Critics’ Picks

Simone Forti, Huddle, 1975–78, 200º multiplex hologram, 57 x 20 x 20".

Simone Forti, Huddle, 1975–78, 200º multiplex hologram, 57 x 20 x 20".

Los Angeles

Simone Forti

The Box
805 Traction Avenue
January 27, 2017–March 24, 2018

In 1975 the choreographer Simone Forti began to collaborate with holographer Lloyd Cross—whose innovations democratized access to the technology—and the fruits of their efforts are displayed here, in the form of seven holograms. Although holograms now seem an outdated, even kitschy, medium, these works—several of which were exhibited at Sonnabend Gallery in 1978 and have not been seen since—still have the capacity to elicit unbounded wonder. All feature Forti performing solo, except for Huddle, 1975–78, which is based on one of the choreographer’s prior Dance Constructions from 1960–61. In Huddle, a group of dancers join arms and bodies, coming together to create a dense nucleus; one performer at a time scales the horde, landing on the other side and rejoining the group. This performance’s organic and iterative character is further compounded by the technology that presents it, where one’s viewing position relative to the image allows for a temporal accelerating, decelerating, or reversing of the action.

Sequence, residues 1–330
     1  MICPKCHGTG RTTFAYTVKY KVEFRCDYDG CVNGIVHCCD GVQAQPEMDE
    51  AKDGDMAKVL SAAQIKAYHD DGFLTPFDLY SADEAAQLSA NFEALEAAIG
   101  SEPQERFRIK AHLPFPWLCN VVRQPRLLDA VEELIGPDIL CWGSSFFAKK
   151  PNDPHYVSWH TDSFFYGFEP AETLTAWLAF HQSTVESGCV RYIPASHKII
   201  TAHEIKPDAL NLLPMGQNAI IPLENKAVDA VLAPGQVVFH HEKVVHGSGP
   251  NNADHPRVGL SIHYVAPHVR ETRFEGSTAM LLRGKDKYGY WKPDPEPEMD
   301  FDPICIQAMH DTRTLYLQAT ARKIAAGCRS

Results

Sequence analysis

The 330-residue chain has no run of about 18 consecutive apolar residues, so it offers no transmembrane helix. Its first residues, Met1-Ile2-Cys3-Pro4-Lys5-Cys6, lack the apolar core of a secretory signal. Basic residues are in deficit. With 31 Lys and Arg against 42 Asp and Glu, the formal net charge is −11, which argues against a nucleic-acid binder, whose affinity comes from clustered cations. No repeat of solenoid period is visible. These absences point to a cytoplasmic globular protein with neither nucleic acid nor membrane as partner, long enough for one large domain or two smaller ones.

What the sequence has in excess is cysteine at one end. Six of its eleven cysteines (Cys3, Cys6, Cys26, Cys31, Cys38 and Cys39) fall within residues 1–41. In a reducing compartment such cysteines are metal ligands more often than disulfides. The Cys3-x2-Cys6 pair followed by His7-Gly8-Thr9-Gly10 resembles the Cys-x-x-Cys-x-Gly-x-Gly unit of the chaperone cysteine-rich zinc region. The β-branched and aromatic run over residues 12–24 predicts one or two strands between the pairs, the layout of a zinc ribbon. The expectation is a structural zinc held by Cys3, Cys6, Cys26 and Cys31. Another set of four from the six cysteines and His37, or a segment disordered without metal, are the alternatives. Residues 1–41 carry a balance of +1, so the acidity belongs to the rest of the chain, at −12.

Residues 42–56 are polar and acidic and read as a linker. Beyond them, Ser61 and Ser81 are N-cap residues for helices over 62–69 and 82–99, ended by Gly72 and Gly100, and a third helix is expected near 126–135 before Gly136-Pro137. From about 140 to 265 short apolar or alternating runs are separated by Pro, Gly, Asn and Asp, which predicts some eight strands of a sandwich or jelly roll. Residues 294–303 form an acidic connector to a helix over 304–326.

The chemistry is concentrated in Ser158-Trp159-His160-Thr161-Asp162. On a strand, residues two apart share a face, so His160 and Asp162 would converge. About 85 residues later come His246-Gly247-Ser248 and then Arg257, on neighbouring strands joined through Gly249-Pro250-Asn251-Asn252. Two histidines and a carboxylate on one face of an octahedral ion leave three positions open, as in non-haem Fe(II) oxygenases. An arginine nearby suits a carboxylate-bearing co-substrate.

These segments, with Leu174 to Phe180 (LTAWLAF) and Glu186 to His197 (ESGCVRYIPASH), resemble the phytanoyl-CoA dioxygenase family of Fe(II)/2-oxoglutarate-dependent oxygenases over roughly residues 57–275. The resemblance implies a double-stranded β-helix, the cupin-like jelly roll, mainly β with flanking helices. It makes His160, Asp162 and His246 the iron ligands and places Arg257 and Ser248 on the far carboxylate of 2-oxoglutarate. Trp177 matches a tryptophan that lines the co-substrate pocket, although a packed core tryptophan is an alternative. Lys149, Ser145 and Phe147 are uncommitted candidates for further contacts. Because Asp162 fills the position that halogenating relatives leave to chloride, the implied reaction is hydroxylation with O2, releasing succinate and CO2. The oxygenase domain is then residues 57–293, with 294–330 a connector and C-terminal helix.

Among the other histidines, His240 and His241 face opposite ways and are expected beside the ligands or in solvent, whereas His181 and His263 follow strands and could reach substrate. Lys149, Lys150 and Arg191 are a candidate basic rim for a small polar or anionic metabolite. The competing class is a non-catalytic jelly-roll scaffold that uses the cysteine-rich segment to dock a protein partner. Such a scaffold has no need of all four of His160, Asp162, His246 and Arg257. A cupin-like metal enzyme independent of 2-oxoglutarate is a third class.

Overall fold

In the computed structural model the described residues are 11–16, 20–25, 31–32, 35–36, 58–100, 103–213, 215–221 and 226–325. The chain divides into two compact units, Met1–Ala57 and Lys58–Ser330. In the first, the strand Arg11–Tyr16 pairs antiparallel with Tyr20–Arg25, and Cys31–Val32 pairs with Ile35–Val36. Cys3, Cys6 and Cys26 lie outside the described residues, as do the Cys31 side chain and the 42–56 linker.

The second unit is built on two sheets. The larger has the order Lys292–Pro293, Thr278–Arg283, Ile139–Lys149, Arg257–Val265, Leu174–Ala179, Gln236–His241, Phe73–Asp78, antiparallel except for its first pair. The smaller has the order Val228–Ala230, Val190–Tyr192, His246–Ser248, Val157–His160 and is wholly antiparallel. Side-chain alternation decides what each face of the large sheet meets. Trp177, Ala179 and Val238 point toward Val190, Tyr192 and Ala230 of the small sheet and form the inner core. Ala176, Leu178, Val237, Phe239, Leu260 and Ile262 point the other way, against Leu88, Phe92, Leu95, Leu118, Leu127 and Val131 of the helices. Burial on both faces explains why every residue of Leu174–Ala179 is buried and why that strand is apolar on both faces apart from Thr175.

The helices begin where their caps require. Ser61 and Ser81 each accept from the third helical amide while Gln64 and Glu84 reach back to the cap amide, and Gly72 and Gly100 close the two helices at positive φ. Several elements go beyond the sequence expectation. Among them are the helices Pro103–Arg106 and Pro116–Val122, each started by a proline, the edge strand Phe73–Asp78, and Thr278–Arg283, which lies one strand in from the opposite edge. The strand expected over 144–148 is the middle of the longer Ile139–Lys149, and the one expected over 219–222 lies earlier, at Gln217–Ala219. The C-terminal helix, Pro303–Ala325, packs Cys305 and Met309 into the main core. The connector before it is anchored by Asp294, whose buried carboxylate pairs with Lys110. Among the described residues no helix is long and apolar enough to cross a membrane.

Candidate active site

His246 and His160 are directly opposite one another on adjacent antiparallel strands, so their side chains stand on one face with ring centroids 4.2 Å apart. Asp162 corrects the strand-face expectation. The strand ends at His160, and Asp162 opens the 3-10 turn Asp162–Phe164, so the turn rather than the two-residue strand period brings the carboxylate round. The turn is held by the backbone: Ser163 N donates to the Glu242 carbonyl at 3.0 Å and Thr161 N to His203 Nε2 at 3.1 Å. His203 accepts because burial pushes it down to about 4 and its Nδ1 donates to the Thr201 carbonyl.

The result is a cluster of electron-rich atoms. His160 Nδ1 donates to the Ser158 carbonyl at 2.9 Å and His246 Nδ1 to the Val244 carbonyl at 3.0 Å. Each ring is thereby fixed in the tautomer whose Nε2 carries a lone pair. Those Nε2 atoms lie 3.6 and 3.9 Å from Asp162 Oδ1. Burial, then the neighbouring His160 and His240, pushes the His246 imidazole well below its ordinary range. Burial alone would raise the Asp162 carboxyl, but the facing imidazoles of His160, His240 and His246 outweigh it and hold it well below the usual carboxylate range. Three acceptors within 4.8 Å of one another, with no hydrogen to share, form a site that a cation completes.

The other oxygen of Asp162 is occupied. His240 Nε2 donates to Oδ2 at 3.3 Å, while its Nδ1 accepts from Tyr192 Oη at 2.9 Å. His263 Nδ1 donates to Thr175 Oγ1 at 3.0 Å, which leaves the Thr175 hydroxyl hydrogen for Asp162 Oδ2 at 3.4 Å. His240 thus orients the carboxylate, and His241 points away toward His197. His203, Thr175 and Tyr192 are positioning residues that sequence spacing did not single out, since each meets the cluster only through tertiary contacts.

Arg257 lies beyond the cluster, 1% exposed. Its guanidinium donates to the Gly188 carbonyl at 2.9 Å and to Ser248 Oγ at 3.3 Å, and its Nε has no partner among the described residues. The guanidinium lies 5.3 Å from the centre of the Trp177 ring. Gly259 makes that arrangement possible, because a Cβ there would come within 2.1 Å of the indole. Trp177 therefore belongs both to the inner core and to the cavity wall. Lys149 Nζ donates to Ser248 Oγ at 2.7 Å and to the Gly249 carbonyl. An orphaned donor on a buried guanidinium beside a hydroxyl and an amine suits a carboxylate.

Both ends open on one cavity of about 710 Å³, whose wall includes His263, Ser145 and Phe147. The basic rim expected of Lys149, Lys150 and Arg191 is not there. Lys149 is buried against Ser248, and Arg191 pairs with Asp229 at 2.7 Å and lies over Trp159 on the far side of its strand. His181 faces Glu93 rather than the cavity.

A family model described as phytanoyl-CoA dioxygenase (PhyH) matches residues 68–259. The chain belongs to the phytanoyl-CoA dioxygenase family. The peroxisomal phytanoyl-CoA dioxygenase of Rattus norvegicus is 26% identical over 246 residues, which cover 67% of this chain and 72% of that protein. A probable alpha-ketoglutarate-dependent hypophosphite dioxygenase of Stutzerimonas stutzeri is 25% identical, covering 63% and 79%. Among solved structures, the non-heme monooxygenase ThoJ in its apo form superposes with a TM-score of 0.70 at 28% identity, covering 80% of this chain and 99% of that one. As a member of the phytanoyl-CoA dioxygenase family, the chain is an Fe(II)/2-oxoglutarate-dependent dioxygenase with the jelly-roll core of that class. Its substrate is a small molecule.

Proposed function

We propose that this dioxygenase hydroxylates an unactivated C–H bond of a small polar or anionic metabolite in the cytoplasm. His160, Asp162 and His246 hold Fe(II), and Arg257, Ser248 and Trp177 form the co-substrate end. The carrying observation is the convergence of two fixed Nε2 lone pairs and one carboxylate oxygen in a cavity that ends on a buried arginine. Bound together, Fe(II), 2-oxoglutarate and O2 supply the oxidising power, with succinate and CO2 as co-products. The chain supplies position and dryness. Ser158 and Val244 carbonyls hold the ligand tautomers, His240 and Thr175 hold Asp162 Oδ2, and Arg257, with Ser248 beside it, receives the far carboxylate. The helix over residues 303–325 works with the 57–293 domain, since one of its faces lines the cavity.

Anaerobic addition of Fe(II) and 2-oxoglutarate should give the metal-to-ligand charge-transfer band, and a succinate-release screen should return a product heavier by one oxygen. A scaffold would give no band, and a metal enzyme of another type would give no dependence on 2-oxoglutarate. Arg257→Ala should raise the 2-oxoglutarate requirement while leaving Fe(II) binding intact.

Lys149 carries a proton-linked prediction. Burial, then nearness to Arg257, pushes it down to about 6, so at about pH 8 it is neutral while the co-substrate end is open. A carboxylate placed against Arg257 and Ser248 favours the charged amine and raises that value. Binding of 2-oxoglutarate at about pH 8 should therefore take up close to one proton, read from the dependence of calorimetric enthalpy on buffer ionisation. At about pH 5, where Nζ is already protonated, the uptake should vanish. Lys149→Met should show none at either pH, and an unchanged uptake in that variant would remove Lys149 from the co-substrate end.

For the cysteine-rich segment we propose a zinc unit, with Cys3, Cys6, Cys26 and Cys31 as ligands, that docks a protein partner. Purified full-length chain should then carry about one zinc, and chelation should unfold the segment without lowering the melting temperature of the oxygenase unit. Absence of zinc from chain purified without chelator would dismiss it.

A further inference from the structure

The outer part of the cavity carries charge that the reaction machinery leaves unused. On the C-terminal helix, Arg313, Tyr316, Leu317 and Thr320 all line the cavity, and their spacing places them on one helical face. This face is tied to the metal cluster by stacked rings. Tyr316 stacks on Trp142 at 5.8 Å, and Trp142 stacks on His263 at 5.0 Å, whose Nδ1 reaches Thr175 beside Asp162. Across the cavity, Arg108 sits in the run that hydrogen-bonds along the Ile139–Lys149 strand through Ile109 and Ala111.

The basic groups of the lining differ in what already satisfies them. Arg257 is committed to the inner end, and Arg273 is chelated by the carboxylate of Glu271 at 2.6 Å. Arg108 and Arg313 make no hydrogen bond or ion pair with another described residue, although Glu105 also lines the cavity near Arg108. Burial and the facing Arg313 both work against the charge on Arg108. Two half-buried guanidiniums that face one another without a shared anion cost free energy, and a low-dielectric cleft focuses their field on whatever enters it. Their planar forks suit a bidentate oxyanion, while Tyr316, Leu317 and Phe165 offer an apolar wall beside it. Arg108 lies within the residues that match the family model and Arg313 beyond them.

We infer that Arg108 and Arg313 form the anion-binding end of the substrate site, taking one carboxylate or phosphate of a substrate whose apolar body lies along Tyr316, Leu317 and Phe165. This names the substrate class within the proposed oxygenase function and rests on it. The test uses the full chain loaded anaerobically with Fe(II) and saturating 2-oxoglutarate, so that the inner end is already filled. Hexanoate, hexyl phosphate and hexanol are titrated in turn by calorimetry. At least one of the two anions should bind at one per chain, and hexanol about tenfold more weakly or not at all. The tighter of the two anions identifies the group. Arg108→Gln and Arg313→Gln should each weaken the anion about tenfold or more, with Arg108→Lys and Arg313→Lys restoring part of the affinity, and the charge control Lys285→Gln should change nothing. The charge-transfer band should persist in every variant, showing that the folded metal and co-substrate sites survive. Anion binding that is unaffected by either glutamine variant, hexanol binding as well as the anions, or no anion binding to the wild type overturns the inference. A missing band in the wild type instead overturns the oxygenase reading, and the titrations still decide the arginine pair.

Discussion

Although all the holograms here are lit from below with an even incandescent light, another version of one of them, Striding Crawling, 1975–78, is illuminated by candlelight when it’s displayed. One can imagine what a flickering, inconstant light would add to Forti’s movements, which track the transition from crawling to standing and can sometimes stretch and condense at the invisible edges of the holographic film. She was not the first nor the last artist to use holograms (Bruce Nauman’s “Making Faces” from 1968 comes to mind), but she was uniquely qualified to consider its capacity to register movement, creating a dynamic sculptural-photographic hybrid out of a live form.